Gene variant shows promise slowing Alzheimer’s

What happened

A single copy of a rare genetic variant tied to Alzheimer’s disease appears to delay the onset of cognitive impairment and dementia by about five years, U.S. and Colombian researchers reported Wednesday. The study, published in the New England Journal of Medicine, offers hope that a drug emulating this variant of the APOE3 gene, dubbed the Christchurch variant, could similarly defeat or delay Alzheimer’s.

Who said what

Researchers reported in 2019 that a Colombian woman from an extended family genetically predisposed to develop Alzheimer’s in their 40s had fended off dementia until her 70s, seemingly because she carried two copies of the Christchurch variant. The new study found that 27 relatives with just one Christchurch gene developed symptoms around age 52, roughly five years later later than other family members with the early-onset genetic mutation.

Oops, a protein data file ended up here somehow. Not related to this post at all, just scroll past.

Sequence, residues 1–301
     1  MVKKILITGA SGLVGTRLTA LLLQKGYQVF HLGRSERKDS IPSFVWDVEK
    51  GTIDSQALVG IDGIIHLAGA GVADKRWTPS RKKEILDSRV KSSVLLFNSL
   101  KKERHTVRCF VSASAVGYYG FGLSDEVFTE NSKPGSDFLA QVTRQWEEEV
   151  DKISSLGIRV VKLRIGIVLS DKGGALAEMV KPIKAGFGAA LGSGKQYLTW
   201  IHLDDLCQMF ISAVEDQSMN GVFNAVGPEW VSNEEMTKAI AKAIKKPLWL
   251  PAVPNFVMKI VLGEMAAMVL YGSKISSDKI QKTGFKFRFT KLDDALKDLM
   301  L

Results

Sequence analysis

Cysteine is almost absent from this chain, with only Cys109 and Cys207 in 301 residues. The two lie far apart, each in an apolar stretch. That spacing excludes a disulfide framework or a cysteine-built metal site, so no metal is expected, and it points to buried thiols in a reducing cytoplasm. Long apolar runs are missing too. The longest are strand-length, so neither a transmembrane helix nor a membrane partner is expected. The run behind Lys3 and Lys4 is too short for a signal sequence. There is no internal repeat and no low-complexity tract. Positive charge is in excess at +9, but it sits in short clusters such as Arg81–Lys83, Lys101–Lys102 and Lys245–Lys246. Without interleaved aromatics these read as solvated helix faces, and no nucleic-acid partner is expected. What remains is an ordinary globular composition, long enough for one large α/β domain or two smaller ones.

One patient could be a fluke, but “finding 27 people” evidently shielded by the Christchurch variant “increases our confidence in the discovery — and shows the results are reproducible,” the study’s co-author Joseph Arboleda-Velasquez, at Mass Eye and Ear in Boston, said to The Washington Post

What next?

Researchers have found success testing an experimental drug that imitates Christchurch in mice and are seeking authorization for human trials.

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  Sudoku medium: April 23, 2024

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